Key Highlights and Insights from «Think Social. Act Business. Summit», December 2013. The summit was a combination of talks, panels and capacity building workshops. It aimed to build a bridge between policy makers, social enterprises/ social entrepreneurs and academia, focusing less on the definition of social enterprise and more on the tools that enable a market of social impact.
- European and international experience shows that social enterprises existed before specific legal and institutional frameworks were set up. According to Mr. Konstantinos Geormas [ 1 and 2 ], Head of Registry of Social Cooperative Enterprises of the Greek Ministry of Labor, there was no need for an explicit Law on Social Economy [Law 4019/2011] , but around that law social cooperative enterprises were helped to fit their activities into a context.
- Understanding of different segments of the ecosystem and that Social Economy is part of the economy and not separate from it, is a challenge authorities face while mapping the ecosystem and the needs on a local and national level. Local authorities are indicated as a supportive stakeholder for the ecosystem, creating and facilitating collaboration structures. Deborah Kinghorn, Strategic Support Office at Bristol City Council, pointed out that there is an increased need for support of the local economy and employment opportunities [ 3, Ewa Sadowska «Entire network is established by local partnerships, all members, civil society, around Poland. Big change towards cooperative movement and solidarity movement.» ] as local budgets are decreasing. The City of Athens launched its initiative «Enterprise socially» in order to develop a dialogue with the ecosystem. The value that social entrepreneurship brings is that it addresses a need through a business solution, a reinvestment in local economy.
- Stability of taxation system and tax exemptions/ breaks should be considered, as examples from many countries show, e.g. Poland/UK have tax exemptions, Greece  has no tax exemptions etc. Regulation of procurement and regulation are therefore considerable points regarding the institutional framework.
- In most places in Europe there is a poor impact investment practice and infrastructure. According to Georg Schoen, Venture Coordinator Ashoka, Austria and CEE, Ashoka’s approach is establishing a co‐creation process with the private sector and its networks, and mobilizing the public sector e.g. Austria ‐ Erste Bank/ GoodBee and Erste Bank Foundation, Poland ‐Ashoka Social Business Accelerator Programme. [6, «Once you have the models in place, you can communicate to the outside world and start to ﬂy»]. This could also create an open bankable pipeline of social entrepreneurs, e.g. Financial Agency for Social Entrepreneurs . Katy Hill  presented the model of the City of London Corporation [also have a look A brief handbook on social investment, City of London Corporation], which is based on three pillars of social investment: government, private, foundation, combining grants and investor capital (co‐investment) [Huge injection of cash – Big Society Capital – dormant capital – earmarked for social beneﬁt: 400mil + high street 50mil each]. Greece currently has a micro-loan scheme for SME’s through the Pancretan Cooperative Bank but not a targeted social finance‐social investment model for social enterprises. Based on their grant giving strategies, grant‐giving foundations have the potential to develop new or hybrid models, which might contribute to sustainability of their grantees both at an organizational and a financial level.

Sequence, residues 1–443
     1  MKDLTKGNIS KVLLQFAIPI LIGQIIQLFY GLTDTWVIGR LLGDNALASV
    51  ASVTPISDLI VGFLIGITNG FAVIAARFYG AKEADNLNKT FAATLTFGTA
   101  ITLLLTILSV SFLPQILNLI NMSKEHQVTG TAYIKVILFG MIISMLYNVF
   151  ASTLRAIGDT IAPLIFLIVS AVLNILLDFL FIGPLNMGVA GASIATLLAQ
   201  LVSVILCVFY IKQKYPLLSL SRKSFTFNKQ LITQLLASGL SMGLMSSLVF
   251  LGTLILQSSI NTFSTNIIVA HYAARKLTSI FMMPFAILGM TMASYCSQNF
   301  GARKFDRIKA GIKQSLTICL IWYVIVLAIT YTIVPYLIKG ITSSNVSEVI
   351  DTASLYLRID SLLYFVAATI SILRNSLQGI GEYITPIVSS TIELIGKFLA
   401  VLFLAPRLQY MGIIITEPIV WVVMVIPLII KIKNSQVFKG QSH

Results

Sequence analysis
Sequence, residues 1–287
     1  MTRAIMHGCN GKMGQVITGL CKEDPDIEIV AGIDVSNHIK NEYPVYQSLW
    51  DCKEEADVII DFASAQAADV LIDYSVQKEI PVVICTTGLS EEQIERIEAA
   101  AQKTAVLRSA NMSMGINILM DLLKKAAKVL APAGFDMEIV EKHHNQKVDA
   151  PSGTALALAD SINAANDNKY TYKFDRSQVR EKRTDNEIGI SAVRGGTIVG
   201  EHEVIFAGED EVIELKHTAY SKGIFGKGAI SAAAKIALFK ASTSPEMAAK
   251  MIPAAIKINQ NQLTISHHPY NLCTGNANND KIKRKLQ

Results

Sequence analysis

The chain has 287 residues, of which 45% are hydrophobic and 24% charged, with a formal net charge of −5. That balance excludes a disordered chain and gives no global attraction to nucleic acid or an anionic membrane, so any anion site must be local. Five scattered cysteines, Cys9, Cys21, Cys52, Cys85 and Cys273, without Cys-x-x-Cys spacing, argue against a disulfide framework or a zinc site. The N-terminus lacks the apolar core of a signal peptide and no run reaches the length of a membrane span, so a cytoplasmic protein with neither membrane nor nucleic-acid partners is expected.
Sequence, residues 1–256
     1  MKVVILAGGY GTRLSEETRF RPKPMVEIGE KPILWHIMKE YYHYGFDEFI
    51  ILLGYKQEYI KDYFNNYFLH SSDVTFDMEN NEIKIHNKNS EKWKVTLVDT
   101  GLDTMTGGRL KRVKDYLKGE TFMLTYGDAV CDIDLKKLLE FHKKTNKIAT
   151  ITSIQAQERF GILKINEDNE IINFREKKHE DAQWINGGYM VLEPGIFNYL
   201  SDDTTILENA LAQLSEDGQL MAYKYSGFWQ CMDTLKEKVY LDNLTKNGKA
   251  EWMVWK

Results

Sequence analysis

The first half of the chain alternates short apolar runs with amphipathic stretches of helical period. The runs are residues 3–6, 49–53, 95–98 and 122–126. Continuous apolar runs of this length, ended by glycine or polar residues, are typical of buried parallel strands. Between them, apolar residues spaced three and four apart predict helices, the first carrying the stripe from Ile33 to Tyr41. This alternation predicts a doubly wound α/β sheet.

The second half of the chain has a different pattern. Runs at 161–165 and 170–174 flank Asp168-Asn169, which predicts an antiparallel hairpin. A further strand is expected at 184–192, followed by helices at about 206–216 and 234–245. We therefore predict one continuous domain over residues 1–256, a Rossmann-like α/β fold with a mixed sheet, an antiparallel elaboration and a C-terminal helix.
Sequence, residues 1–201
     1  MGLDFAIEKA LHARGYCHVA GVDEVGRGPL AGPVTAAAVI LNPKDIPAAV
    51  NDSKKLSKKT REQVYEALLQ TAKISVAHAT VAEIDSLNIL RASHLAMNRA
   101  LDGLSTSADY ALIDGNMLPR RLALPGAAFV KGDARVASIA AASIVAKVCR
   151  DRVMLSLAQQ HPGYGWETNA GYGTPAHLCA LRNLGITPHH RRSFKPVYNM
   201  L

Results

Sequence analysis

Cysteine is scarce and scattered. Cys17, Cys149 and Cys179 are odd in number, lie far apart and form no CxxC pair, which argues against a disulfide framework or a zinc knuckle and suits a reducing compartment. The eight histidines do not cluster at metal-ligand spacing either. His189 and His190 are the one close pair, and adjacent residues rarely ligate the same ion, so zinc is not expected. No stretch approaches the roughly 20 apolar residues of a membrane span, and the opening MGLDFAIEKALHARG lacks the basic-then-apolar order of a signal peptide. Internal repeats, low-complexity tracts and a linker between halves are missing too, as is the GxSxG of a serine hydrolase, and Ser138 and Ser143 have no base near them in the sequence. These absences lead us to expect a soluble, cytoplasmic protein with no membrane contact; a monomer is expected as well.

- There is a need for the provision of a consistent framework for reporting impact of social organizations in order to increase transparency and accountability to stakeholders and improvement at a very early stage. Andreja Rosandic, Regional Sustainability Manager NESsT [8 and 9]mentioned that one of the sector’s challenges is to create a culture of reporting for social impact and empowering communication of impact. Before talking about impact we have to think about what the problem is and the system around it first, rather than be based on assumptions. Leaders of the social sector have similar traits to business entrepreneurs, as Aphrodite Bouikidis, Launch Leader Ashoka Greece, pointed out. Susana Balet-Robinson from Stone Soup stressed that medium and long‐term strategy tools like the Social Reporting Standard (SRS) [Greek translation by Manolis Tzouvelekas accessible here] and SROI analysis can be applied also to the Greek ecosystem and provide a basis for impact reporting.
- Regarding the field of capacity building, educational institutions have to include social entrepreneurship in their activities. One of the successful examples is the Social Entrepreneurship Academy18 (SEA) in Germany, which is a collaboration between universities and their entrepreneurship units but independently funded by strategic partnerships, in order not only to make the program independent and sustainable but also to overcome bureaucratic restrictions of the state. Oliver Beckmann from SEA pointed out that potential social entrepreneurs and social intrapreneurs have to possess an in-depth knowledge of their fields in order to create innovation. Greece’s activity in terms of social education is in its early stages, and we see approaches into this direction from various academic institutions e.g. Athens University of Economics and Business, SEA’s model as well as UnLtd.’s model, which is operating as a support structure (educational and financial) for social entrepreneurs while also collaborating closely with academic institutions, as Karl Belizaire, Policy Manager UnLtd mentioned.